Nurses Push for Higher Safety Standards in Midst of Health Crisis: During last year’s international Ebola crisis, nurses and first responders throughout the United States led the call for higher safety standards and better training. The calls, which included walkouts and protests, resulted in an advanced awareness among the general public of the dangers facing public servants, and efforts to improve conditions and preparation.

Working Families Step Up and Give Back in the Face of Disaster: From hurricanes to tornados, working families have stepped up over the years to rally their communities and give back in the wake of natural disasters. For example, in the aftermath of Hurricane Sandy, working people belonging to AFSCME, AFT, and other unions joined together to raise funds and awareness for those in need.  Beyond financial assistance, union members also pitched-in to assist with cleanup and rebuilding efforts throughout the impacted region.

Study Shows Teachers Spending Hard-Earned Money to Help Their Own Students: An August study by Public Opinion Strategies and Communities in Schools showed that over 90 percent of teachers reported spending their own money on school supplies for students in 2014. The study shows that teachers are going above-and-beyond at a time when families spend approximately $1,284 per high school student per year for supplies and extracurricular activities.

Postal Workers Offer Critical Services for Those In Need: The thousands of working people who make up our postal service don’t only deliver your packages and letters; they also play a significant role in standing up for those who need it most. Postal workers are leading an effort to provide an alternative to predatory payday lenders by expanding key services at US Postal Service locations such as payroll check cashing and bill payment. In addition, America’s letter carriers have collected more than 1.4 billion pounds of food in the last 24 years for needy families through their annual food drive.

At Raising Wages Summit The “Voices Of Workers” Highlight The Struggles Of Working Families

The first ever New Hampshire Raising Wages Summit was held in Concord on Saturday. The summit, a policy discussion with a focus on the importance of raising wages, drew more than 200 people to hear a whole host of speakers.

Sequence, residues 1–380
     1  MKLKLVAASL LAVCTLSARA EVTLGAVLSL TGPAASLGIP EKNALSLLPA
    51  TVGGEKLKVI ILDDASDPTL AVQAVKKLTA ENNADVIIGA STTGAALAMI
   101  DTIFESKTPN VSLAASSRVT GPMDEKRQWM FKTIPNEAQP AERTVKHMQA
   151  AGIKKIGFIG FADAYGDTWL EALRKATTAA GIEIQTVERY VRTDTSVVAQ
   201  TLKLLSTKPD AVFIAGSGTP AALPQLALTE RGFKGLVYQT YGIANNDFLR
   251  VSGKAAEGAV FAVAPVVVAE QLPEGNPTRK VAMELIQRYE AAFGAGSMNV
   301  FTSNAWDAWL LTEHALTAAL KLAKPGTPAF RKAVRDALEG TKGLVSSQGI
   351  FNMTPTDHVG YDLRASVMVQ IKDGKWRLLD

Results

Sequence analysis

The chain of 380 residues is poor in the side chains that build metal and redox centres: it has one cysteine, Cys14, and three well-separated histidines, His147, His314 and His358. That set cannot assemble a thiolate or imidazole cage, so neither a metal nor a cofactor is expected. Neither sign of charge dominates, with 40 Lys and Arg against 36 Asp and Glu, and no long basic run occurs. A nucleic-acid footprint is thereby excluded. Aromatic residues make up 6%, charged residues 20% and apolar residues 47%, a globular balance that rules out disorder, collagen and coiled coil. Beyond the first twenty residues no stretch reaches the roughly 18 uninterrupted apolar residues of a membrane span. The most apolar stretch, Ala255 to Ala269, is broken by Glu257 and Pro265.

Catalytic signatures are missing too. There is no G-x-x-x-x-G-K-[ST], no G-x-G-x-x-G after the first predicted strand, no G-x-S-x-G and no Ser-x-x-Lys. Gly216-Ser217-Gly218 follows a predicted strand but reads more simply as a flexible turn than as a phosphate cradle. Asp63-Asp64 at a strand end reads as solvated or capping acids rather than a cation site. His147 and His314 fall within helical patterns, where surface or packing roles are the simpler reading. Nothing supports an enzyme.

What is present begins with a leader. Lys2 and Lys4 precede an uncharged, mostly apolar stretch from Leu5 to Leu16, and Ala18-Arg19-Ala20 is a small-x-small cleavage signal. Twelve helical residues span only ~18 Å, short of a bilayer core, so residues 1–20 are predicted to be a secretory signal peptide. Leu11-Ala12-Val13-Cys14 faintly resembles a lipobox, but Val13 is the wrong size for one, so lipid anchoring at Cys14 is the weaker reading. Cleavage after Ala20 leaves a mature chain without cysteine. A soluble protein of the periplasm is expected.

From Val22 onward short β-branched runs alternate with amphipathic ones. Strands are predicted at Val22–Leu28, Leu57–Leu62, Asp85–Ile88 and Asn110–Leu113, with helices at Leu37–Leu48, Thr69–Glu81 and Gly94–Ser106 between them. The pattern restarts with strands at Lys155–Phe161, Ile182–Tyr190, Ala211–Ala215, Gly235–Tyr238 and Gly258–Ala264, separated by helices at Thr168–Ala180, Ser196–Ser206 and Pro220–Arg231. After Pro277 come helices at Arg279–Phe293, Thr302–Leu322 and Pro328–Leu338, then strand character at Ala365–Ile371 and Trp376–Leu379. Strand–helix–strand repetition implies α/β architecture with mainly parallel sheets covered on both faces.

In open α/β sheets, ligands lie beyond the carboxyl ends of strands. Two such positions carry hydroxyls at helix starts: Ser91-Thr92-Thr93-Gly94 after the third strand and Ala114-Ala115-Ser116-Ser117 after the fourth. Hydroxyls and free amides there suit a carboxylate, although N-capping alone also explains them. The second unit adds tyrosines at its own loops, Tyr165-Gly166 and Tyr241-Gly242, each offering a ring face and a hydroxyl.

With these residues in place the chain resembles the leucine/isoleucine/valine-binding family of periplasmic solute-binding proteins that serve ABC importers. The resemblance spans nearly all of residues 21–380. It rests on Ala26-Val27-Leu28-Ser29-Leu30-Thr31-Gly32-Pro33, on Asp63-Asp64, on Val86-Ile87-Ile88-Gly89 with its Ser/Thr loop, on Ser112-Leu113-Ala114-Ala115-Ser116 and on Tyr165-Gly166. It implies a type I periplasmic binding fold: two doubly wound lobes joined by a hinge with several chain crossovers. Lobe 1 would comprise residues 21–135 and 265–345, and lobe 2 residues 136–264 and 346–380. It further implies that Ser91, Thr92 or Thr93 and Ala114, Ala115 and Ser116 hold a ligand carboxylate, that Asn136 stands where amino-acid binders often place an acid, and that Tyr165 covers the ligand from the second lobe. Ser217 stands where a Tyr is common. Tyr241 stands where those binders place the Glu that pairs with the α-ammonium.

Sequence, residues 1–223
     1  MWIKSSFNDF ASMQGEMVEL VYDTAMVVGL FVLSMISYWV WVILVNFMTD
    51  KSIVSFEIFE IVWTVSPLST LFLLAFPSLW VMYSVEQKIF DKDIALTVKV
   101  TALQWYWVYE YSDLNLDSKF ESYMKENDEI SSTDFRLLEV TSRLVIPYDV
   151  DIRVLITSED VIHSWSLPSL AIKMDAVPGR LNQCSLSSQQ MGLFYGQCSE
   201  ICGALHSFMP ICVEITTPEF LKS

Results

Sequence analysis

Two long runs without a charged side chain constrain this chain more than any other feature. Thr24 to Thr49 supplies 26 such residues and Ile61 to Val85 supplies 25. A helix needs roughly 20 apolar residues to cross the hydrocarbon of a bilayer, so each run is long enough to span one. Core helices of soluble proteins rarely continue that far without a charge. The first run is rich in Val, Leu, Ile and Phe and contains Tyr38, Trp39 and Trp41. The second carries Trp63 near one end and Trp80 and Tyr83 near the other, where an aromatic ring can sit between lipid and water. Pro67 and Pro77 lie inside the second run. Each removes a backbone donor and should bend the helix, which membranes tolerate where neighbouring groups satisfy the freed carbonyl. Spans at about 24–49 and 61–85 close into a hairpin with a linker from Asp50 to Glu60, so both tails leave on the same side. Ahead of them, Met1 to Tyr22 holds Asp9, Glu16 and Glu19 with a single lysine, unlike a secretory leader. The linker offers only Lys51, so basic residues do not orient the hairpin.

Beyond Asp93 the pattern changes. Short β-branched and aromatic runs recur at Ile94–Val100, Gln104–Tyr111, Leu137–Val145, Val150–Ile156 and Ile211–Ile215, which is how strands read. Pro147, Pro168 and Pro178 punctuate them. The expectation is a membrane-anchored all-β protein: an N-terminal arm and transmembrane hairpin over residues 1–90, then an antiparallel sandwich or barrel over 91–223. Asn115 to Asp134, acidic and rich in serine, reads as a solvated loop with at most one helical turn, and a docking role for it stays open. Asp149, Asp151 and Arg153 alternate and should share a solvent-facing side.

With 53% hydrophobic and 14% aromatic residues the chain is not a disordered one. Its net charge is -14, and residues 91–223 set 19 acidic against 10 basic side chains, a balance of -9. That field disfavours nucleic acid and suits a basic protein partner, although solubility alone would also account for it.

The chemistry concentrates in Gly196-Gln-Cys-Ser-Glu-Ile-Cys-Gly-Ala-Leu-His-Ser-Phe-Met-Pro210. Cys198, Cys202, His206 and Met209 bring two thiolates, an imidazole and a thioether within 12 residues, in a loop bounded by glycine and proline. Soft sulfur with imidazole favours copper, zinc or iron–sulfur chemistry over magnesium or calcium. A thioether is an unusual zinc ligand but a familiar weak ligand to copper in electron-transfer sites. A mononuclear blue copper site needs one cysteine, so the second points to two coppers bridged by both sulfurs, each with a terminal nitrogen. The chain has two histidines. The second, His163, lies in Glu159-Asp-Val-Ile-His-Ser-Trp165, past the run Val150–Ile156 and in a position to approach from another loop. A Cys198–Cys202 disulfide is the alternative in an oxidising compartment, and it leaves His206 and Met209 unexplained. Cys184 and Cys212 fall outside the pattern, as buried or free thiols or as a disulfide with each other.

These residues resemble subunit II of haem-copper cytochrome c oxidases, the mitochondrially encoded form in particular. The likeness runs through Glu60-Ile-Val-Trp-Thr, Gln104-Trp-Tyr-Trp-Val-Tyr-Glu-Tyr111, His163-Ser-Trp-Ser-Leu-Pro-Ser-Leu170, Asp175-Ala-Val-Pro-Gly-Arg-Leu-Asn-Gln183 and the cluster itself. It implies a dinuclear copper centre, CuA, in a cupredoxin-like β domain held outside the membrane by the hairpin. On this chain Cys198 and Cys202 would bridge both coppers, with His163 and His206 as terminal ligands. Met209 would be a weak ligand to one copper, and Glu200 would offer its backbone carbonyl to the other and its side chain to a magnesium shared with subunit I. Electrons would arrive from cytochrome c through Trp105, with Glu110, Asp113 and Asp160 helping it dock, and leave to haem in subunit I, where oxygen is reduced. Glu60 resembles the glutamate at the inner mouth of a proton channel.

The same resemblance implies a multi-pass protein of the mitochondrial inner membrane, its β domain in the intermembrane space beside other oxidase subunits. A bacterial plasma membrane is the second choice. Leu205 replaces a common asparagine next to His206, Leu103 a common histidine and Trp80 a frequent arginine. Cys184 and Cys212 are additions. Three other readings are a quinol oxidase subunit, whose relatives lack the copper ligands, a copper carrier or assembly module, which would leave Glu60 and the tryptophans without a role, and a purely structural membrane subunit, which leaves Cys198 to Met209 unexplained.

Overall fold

The headliners, Richard Trumka, President of the AFL-CIO and Congresswoman Rosa DeLauro, both spoke about raising the minimum wage and the affects of the proposed TPP on workers.

Interlaced between the headliners was what organizers referred to as the “Voices of Workers.” The Voices of Workers were short speeches from local workers and union activists.

Deb Howes, a Nashua teacher and American Federation of Teachers member, talked about the impact of our current low-wage employment system on the children in her classroom. She explained how living in poverty affects a child’s ability to learn, and chastised politicians who want to take away free lunch programs that ensure that children can get at least one healthy meal a day.

Howes is also the chairwoman of the Nashua Labor Coalition that is currently building momentum against the proposed privatization of AFSCME custodians in the Nashua School District. At the summit Howes stated, “eliminating good paying jobs for low-wage contractors will only hurt our community.”

(video link)

The elimination of good paying jobs was the forefront of the Fairness at FairPoint campaign as International Brotherhood of Electrical Workers (IBEW) and Communication Workers of America (CWA) members spent months on strike last winter.

James Lemay, an IBEW member and FairPoint employee spoke about how hard it was for workers during the strike. He talked about how the company did not seem to care about the workers or bargaining in good faith with the union, they only cared their stock prices and earnings statements.

After months on strike the IBEW and CWA reached an agreement with FairPoint and workers could finally go back to work.

(video link)

Janice Kelble, a retired postal worker and American Postal Workers Union member, talk about her struggles bouncing from job to job and the discrimination she endured as a low-wage worker.   Even though it has been a number of years since Kelble was living on minimum wage, the fact is that her story could have been told by any low-wage work struggling to survive on today’s poverty wages.

Kelble eventually got a job with the USPS service where she immediately joined the union, became a steward and began her unofficial career as an advocate for workers.

Kelble said she often wonders how different her life would have been if not for her good paying union job.

(video link)

As Kelble pointed out it has been many years since she had to survive on minimum wage, that is not the case for recent Manchester high school graduate Adol Mashut.

As an immigrant, a woman, and a recent graduate she has quickly learned how hard it is to live on minimum wage. Mashut struggles to balance her work and college classes in hopes to get a degree that will allow her to get a better paying job in the future.

Mashut is also the product of an amazing community outreach program called the Granite State Organizing Project. GSOP is a faith based, non-profit that helps immigrants and low-income families through mentoring and assistance. GSOP continues to push for policies that help working families like raising the minimum wage and expanding access to affordable healthcare and opposes policies like “title loans” that charge people upwards of 400% for an emergency loan.